Got a question? We might have an answer here!
How is “Geekiary” pronounced?
Like “aviary,” but filled with geeks, not birds. Geek-ee-air-ee.
Who runs your social media accounts?
We’ve got a page breaking that down right here!
How are you supported financially?
The Geekiary is primarily supported through Patreon. We also make a small amount of money from ads and merchandise sales. We occasionally run fundraisers to cover website costs. All money goes directly back into the website. We currently operate at a net loss every year.
I have a project of my own that I want to write about. Can I post about it on your site?
We are big fans of helping other geeky projects along. As long as it fits the general theme of our website we’d love to interview you about it. In exchange, helping advertise us or name dropping us in your own project would be super fabulous! We’re all about geeks helping other geeks propel their personal projects forward. You should contact us! We do get a lot of requests, though, so we apologize if we cannot accommodate every project brought to our attention.
Why didn’t my comment get posted?
Posts with certain profane language or excessive links get caught in our spam filter. Read our policies for more information.
Check out our policies page.
Questions About Bias and Point of View
Do you have an ‘agenda?’
If by “agenda” you mean “set of goals and beliefs,” yes! Yes we do. We’ve never hidden the fact that representation matters a great deal to us and we are happy to promote material that helps further the goal of bringing more diversity to geek themed media. None of us really see why that’s a bad thing.
That said, we consume a large variety of media so not everything we enjoy helps further these goals. Most protagonists tend to be white, straight, cisgender males so naturally a large portion of the media we consume falls into this as well. We’d just love to see a broader spectrum of individuals portrayed in the media too.
Outside of representation, many of us have our own personal favorite characters, ships, writers, and other things that may paint our view of certain topics in a certain way. Not everyone on the Geekiary staff thinks the same way or has the same taste when it comes to these things, so we have no singularly defined encompassing opinion on this front. This website was started by people who were part of the Supernatural fandom and united over their love of the actor Misha Collins and his character Castiel, but we no longer even actively cover the show.
We support diversity of opinion among our staff and among our readers as long as it’s not hateful, off topic, bigoted, or otherwise against our site policies.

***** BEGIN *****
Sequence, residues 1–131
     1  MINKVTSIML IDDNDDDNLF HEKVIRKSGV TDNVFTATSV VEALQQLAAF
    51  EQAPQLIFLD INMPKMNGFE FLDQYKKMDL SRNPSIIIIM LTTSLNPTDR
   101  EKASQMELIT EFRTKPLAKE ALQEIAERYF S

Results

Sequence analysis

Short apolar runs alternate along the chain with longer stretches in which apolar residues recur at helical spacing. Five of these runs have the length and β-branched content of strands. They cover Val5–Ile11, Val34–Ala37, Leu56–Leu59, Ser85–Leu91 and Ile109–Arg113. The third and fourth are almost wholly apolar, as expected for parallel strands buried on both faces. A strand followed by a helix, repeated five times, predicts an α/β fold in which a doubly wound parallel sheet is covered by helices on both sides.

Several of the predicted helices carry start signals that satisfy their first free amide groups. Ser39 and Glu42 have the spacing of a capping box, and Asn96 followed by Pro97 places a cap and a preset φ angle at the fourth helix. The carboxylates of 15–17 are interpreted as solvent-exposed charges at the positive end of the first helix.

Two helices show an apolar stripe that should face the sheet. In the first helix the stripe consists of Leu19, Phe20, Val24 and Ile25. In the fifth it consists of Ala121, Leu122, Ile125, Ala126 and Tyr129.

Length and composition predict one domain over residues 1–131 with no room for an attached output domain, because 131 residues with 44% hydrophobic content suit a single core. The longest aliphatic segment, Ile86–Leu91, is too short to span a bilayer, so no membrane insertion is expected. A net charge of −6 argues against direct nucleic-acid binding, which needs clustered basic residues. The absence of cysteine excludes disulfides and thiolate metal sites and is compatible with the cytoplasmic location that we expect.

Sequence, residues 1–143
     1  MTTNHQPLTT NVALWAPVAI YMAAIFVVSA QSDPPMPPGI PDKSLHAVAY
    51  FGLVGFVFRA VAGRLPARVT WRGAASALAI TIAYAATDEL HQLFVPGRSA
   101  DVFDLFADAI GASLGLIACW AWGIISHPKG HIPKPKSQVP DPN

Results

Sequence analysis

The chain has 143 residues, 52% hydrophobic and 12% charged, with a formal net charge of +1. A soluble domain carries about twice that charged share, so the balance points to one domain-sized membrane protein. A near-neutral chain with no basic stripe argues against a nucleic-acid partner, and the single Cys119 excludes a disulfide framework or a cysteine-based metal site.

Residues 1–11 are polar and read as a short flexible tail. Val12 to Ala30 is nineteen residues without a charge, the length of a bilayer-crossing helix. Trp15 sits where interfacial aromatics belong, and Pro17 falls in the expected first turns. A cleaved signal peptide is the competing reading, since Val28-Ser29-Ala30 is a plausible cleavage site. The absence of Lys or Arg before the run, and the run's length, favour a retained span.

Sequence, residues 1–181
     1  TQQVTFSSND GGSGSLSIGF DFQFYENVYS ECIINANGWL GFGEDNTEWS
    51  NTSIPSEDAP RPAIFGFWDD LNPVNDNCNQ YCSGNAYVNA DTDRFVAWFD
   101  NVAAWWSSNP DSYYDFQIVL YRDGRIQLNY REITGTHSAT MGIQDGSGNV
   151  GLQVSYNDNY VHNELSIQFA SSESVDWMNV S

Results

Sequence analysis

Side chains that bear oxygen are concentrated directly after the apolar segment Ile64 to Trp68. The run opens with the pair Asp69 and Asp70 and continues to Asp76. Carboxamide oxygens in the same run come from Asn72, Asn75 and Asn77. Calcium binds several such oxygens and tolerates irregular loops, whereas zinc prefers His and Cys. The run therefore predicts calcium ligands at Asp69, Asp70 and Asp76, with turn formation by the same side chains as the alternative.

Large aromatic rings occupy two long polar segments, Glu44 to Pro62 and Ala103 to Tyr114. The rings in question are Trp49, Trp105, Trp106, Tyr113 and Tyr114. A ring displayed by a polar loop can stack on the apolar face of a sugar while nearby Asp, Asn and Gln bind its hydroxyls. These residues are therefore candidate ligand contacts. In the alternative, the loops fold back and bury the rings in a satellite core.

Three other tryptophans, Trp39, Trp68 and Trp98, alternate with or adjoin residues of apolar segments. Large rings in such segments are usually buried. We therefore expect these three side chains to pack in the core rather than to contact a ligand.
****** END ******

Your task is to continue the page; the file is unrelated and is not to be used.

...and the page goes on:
Why do you post about politics unrelated to geek culture?
We are primarily a geek culture website, but in our current political climate many of us have found ourselves becoming activists in many unexpected areas. We are happy to support our staff in their non-geeky political endeavors and hope to foster a community where other politically active geeks can discuss current events.
What do you mean when you say you report “from a fan perspective?”
While The Geekiary is a website started by fans, for fans, we are journalists as well as proud members of our fandoms. We enjoy reporting on what fans are feeling and asking questions at press events that fans want to hear the answers to. We keep our ears to the ground on important issues, particularly regarding representation in the media, and try to bring these issues to light in the most positive manner possible. We’re part of these communities and want to represent fans in the best way we can. Being fans also means that sometimes we can just squee about what we love unabashedly.
We also love supporting our fellow fans as we are part of these communities ourselves. We love independent content creators who choose to pursue their passions outside of the traditional production system. We love writing about crowd funding campaigns, self started projects, and independent writers, film makers, and creators. We’re fans. We have a lot of FEELINGS about what other fans are making. We’d love to talk about it on our blog.
Are you a feminist blog?
Many of the people who run this website are women, and we’re all invested in equal treatment and representation, so yes. Yes, it is. Don’t expect this to constrain our content, though – we’re liable to write and report on any topic and any genre (because, hey, there are no topics or genres that are immune from feminist scrutiny), and we welcome male readers and contributors.
Are you a queer blog?
Many people on our staff identify as various identities that can be labeled ‘queer.’ We have an article where many of us shared our own experiences after Ellen Page opened up about her sexuality. We welcome readers and contributors of all sexualities and gender identities, but we will not tolerate homophobia, biphobia, or trans*phobia in our content or comments sections.
Why do you use the word “queer?” Isn’t that a slur?
“Queer” is a valid identity that is used as an identifier by many people who contribute to the website. It’s also used in academic circles. We are not here to argue whether or not some people find it offensive, but to affirm that many people have embraced it, including our staff members and our associated academic institutions.
See our commenting policy page for details about this line of discussion.
So you take this “representation” thing seriously don’t you…
Yes. Furthermore, we will not tolerate racism, homophobia, biphobia, trans*phobia, ableism, misogyny, or any other kind of discrimination against underprivileged groups in our space. Please do not bring that here.
Your posts sound biased. Why can’t you be neutral?
We are a news website as well as a blog. We don’t hide who we are or where we’re coming from. Information about the author is available at the bottom of each post and we highlight our writers on our Team Page.